Everyone is so quick to point the finger at the Broncos’ offense as the primary culprit for the Broncos’ first missed playoff season since 2011. But looking deeper into last season reveals that though the Broncos’ offense faltered, its special teams did not provide the team with any sort of help.

Often, the Broncos found themselves backed up in their own territory, losing the battle for field position more often than they would have hoped for.

The primary reason to his was due to the Broncos’ lack of playmakers on special teams, particularly at kick and punt returner.

When he gave Jordan Norwood a shove following a muffed punt, “No Fly Zone” leader Aqib Talib shared the same frustration that most fans felt during a tough 2016 season on special teams.

In order to get some production from the special teams unit, the Broncos experimented with having Emmanuel Sanders return punts, which caused many fans to cringe due to the risk of injury.

Broncos fans can exhale now, as they no longer need to worry about a potential Sanders injury while running back a punt return.

These problems appear to be a thing of the past, as the Broncos put an emphasis on upgrading the special teams unit through the 2017 draft class.

In the mile-high air, the position of punt returner is especially crucial on special teams due to the large number of touchbacks that occur on kickoffs. The Broncos may have found their return ace for well into the future.

In the fifth round of the 2017 NFL Draft, the Broncos selected returner/receiver Isaiah McKenzie, a 5-foot-7  speedster who is already “turning heads” as the Broncos continue into offseason workouts.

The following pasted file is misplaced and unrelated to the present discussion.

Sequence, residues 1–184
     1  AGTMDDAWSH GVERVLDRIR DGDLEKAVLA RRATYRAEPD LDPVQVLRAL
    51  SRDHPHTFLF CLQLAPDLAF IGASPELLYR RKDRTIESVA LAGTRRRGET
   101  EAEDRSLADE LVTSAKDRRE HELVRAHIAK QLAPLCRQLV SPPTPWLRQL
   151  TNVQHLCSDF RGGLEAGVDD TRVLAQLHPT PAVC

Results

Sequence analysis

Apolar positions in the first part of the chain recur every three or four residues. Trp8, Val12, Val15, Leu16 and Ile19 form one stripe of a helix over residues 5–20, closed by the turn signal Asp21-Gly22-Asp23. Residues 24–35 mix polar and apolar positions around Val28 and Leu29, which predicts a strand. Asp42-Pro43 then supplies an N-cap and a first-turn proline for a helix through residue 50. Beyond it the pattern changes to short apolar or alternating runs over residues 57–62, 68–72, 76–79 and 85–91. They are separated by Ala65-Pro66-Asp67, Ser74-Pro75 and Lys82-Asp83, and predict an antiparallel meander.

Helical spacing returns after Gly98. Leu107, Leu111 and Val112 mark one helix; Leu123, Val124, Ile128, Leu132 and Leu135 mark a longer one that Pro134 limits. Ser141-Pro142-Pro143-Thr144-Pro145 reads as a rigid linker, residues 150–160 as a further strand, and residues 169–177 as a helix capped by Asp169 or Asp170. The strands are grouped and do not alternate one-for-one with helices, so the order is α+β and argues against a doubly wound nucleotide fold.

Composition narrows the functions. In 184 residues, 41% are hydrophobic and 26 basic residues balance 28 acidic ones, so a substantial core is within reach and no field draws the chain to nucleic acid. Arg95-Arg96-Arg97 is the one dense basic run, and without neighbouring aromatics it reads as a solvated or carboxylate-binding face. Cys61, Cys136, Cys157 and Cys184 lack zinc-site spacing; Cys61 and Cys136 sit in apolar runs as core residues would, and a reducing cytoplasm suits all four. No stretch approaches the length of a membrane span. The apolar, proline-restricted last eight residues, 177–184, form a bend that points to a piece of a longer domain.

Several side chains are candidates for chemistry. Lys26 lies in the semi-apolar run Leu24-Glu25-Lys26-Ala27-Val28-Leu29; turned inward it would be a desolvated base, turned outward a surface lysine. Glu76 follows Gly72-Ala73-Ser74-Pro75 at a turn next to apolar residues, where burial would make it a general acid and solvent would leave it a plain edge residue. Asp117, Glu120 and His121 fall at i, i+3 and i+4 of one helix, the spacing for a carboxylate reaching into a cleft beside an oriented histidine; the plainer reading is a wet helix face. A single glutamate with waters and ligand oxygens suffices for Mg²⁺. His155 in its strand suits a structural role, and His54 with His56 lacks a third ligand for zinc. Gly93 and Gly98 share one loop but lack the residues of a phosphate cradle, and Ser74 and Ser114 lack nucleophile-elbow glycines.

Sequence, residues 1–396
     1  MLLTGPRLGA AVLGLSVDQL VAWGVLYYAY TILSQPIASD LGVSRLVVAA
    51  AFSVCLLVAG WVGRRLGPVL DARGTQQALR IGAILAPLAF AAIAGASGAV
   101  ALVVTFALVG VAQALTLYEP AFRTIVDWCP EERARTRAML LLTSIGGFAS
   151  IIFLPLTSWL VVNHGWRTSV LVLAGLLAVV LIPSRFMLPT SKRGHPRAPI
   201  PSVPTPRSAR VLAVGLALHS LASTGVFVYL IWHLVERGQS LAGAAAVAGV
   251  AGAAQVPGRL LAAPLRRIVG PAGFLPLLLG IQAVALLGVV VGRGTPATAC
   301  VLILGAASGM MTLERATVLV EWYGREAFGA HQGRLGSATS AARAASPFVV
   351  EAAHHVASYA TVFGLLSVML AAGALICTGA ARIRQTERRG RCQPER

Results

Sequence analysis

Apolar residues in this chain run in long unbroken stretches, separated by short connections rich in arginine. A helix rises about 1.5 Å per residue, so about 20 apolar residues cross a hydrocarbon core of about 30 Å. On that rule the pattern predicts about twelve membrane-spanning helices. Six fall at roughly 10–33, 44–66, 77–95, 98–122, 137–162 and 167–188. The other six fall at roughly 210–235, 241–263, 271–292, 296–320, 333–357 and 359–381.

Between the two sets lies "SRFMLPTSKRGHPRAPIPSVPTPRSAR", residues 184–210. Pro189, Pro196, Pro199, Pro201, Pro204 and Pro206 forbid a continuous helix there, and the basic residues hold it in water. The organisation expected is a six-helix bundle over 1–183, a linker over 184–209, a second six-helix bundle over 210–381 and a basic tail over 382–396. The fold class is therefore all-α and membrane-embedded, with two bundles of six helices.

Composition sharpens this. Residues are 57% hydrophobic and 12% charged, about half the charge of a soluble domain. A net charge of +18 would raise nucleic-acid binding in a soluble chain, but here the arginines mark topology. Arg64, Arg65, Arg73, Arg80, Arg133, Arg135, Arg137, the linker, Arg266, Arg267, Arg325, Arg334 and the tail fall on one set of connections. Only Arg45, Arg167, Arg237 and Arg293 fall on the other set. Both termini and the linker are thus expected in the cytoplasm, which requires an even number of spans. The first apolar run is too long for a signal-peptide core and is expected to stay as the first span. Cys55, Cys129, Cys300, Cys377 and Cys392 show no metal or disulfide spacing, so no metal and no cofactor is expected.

McKenzie primarily played the slot receiver position at Georgia, but never truly left his roots as a special team player. He should make an immediate impact for the Broncos and pick up where he left off at Georgia, where he scored six times on special teams in his three years with the Bulldogs.

New special teams coordinator Brock Olivio has already pegged McKenzie as his desired punt returner.

On the other end of special teams, another draft selection from the 2017 class, Brendan Langley, will look to be a contributor right away.

While still perhaps a little too raw as a cornerback to make a significant difference on defense, Langley also has experience playing special teams and will look to contribute there while he continues to grow and mature as a defensive back.

Langley has seen most of his playing time as a punt returner, but there he could make the most impact is at the “gunner” position, where his primary job will be to track down kick/punt returners before they can make a game-changing return.

At 6-foot, 200 pounds, Langley has the size and length to be an effective corner and with 4.43 40-yard dash speed, he has the build to be a solid special teams player as well.

Sixth-round pick Carlos Henderson has been known to make plays on special teams and could be seen as a kick returner to complement McKenzie’s punt returning.

The Broncos already posses two of the NFL’s best legs in Brandon McManus and Riley Dixon. Now, with this incoming group of rookies, they should have the players to continue making strides on special teams.